[Beowulf] dual-core benefits?

Mark Hahn hahn at physics.mcmaster.ca
Thu Sep 22 17:06:36 EDT 2005


> 1. The scalability of our program is not so good, less then 20 for 32 nodes
> (measured on a single node system). So we don't plan to go beyond 16 nodes.
> (which makes 32 processors due to dual-node usage)

is this scalability assuming a slow interconnect like gigabit?
have you considered when it would be appropriate to go to something fast?
(myrinet, infinipath and quadrics are my favorite, though the latter 
especially is always difficult to squeeze into a budget.)  it's really
excellent if you can characterize your code based on distribution of 
packet sizes, so you can trade off the latency/bandwidth properties of 
various interconnect options.  any recognizable communication patterns
(esp nearest-neighbor) can pay off as well.

> 2. Memory requirement is huge; we will use 4GB memory per node for the time
> being and increase this to 16 GB later. So wee need fast CPUs and efficient
> usage of memory.

these days, that's not huge - after all, 1GB dimms are definitely 
"above the knee" (in the linear region, price-wise.)  what I find is that 
there is (continued) divergence between small and large-memory kinds of 
applications.  people who do MC-type stuff continue to need only a few 
handfuls of MB, whereas memory-intensive apps would like 1000x as much.

> 3. Due to budget limitations we will first configure 8-node system with 4GB
> RAM per node and extend this to a 16-node system with 16-GB of RAM in 6
> months.

the last time I priced systems, 16G per system was starting to bend upwards
in price.  (in fact, the researchers opted for 32G quad-opterons...)

> We were thinking of AMD 250 processors, but now the benchmarks of dual-core
> CPUs (on the web site of AMD) seems encouraging, and the cost of dual-core
> AMD 275 seems to be less then twice of AMD 250. Since the memory cost of our
> system will dominate other costs, we can afford to pass to dual-core
> technology. However, the questions that arise are follows.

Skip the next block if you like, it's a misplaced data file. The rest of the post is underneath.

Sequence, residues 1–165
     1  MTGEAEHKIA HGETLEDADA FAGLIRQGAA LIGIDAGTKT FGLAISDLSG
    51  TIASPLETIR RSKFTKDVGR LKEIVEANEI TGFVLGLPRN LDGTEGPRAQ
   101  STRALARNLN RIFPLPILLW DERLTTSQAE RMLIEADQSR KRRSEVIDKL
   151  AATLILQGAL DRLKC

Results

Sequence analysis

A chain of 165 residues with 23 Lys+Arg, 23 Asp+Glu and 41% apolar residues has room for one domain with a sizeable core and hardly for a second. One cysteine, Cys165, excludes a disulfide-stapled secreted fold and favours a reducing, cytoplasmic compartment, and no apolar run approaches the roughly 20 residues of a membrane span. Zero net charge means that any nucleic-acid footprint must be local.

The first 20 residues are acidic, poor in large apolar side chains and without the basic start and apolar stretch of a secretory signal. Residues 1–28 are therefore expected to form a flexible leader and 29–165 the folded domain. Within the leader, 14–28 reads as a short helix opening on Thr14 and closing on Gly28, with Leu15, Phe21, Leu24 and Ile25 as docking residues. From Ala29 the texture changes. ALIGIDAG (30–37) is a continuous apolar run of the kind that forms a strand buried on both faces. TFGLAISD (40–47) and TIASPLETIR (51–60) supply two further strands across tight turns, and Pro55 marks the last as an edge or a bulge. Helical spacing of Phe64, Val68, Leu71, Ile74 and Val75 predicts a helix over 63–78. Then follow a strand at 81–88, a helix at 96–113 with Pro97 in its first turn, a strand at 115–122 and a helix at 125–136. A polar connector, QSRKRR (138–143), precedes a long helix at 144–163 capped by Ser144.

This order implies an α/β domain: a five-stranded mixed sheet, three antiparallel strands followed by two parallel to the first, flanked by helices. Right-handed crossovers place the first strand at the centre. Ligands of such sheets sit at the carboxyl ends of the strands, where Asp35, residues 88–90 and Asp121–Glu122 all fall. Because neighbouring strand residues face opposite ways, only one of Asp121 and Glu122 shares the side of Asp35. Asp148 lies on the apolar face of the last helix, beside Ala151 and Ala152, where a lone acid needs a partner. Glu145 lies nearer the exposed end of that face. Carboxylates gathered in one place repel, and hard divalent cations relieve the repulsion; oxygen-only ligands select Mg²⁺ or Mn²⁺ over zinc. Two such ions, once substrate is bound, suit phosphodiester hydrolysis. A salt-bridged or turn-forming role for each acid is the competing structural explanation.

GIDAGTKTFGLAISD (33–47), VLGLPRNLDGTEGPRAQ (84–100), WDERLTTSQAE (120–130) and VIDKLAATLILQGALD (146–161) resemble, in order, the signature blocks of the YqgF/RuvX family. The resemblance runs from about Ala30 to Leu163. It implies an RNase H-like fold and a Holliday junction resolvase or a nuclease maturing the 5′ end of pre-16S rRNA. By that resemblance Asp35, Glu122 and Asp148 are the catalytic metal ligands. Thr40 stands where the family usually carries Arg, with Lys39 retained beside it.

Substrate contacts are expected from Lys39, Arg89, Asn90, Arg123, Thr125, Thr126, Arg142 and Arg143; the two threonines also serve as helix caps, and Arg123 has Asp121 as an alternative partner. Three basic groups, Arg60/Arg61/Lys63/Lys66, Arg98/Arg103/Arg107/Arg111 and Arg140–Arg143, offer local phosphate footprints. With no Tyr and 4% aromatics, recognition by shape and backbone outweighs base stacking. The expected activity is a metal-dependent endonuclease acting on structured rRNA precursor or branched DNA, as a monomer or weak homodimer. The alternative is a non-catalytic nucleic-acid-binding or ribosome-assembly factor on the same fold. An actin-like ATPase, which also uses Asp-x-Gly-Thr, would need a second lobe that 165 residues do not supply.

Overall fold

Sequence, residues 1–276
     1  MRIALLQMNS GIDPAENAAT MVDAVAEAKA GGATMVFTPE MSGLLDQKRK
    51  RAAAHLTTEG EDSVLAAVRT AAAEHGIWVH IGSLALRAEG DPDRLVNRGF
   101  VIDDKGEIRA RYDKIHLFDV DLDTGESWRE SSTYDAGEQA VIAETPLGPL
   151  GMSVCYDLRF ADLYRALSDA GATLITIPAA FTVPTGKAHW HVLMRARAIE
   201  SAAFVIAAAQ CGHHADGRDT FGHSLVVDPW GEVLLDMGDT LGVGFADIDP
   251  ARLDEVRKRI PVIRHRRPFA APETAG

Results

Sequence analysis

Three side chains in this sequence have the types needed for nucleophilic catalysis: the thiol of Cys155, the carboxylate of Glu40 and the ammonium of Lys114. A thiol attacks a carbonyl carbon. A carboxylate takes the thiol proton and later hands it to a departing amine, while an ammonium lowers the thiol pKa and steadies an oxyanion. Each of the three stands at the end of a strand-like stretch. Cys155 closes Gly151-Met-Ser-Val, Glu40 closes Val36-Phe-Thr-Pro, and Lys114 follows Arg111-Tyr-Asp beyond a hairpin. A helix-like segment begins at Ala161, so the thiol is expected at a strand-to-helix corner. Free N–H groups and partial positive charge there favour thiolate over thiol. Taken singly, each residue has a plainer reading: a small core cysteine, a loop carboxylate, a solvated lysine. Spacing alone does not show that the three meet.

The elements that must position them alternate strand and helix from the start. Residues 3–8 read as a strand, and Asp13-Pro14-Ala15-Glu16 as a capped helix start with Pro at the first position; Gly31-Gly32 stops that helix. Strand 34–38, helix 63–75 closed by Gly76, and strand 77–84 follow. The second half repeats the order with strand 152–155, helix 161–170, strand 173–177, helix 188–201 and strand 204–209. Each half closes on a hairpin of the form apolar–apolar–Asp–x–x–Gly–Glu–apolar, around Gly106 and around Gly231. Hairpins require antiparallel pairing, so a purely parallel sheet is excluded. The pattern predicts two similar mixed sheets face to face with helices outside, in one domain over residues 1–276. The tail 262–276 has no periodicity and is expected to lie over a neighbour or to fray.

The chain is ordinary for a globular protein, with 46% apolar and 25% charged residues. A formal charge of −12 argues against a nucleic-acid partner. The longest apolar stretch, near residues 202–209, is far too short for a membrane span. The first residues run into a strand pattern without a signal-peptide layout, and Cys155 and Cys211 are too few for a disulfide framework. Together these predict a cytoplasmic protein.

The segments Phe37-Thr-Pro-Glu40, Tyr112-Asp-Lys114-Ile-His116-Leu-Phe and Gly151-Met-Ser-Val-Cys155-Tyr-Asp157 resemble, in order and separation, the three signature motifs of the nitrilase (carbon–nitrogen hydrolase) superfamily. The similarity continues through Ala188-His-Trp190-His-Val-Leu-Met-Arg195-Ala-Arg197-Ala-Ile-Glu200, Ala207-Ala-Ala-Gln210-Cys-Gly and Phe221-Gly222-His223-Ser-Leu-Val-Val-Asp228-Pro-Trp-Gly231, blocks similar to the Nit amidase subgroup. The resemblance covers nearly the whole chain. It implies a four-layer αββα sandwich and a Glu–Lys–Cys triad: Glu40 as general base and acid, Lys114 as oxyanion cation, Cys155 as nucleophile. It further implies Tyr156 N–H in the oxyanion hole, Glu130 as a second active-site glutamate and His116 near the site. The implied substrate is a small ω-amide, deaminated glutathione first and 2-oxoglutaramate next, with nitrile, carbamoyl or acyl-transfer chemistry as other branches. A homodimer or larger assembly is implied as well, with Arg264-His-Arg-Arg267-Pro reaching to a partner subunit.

> 
> 1. Will it worth? And can we gain any advantages over single-core with the
> not-so-good scalability of our parallel programs? 

that's why you need to figure out why your scalability is poor.  

on a multiprocessor system, you effectively have a pretty fast, if small,
interconnect.  if your code can take advantage of that, then going 
dual-core could well be a win.  for instance, if your code is limited
by short-message, point-to-point latency, then increasing "SMP-ness"
should help a lot, especially if you are assuming mere gigabit.

obviously, if your code scales poorly because it's bottlenecked on memory,
then dual-core is a bad idea.  (actually, if it's bottlenecked on memory
_latency_, that might not necessarily be true...)

> 2. Another question is that is dual-core technology brings any advantages
> for the efficient usage of high amount of memory that we will utilize? 3. 3.

DC doesn't change memory issues: AMD claims that the chips are slightly
more efficient (slightly higher aggregate streaming bandwidth), but it 
seems to be a very small factor.  especially if you compare to e-rev
singlecore chips.  there is a noticable difference vs older revs, especially
with lots of memory, since older chips drop down as low as PC1600
for a sufficient number of memory banks in use (dimm sides, basically.)

> 3. Finally there is something basic that I'm not sure: When we assign a job
> to dual-core CPU, can it divide it between the core-CPUs automatically, or
> should we think dual-core CPU the same as dual-node CPU? If the latter is
> the case, what is the advantage of this technology over dual-node?

it's not automatic - dual-core is just SMP-in-one-package.  the advantage
is mainly that DC lets you amortize the other components in the system.
for programs which are truely limited by memory bandwidth, you really don't 
want to amortize the memory, so DC is a loss in this case.

bear in mind that DC is also lower clock than SC.


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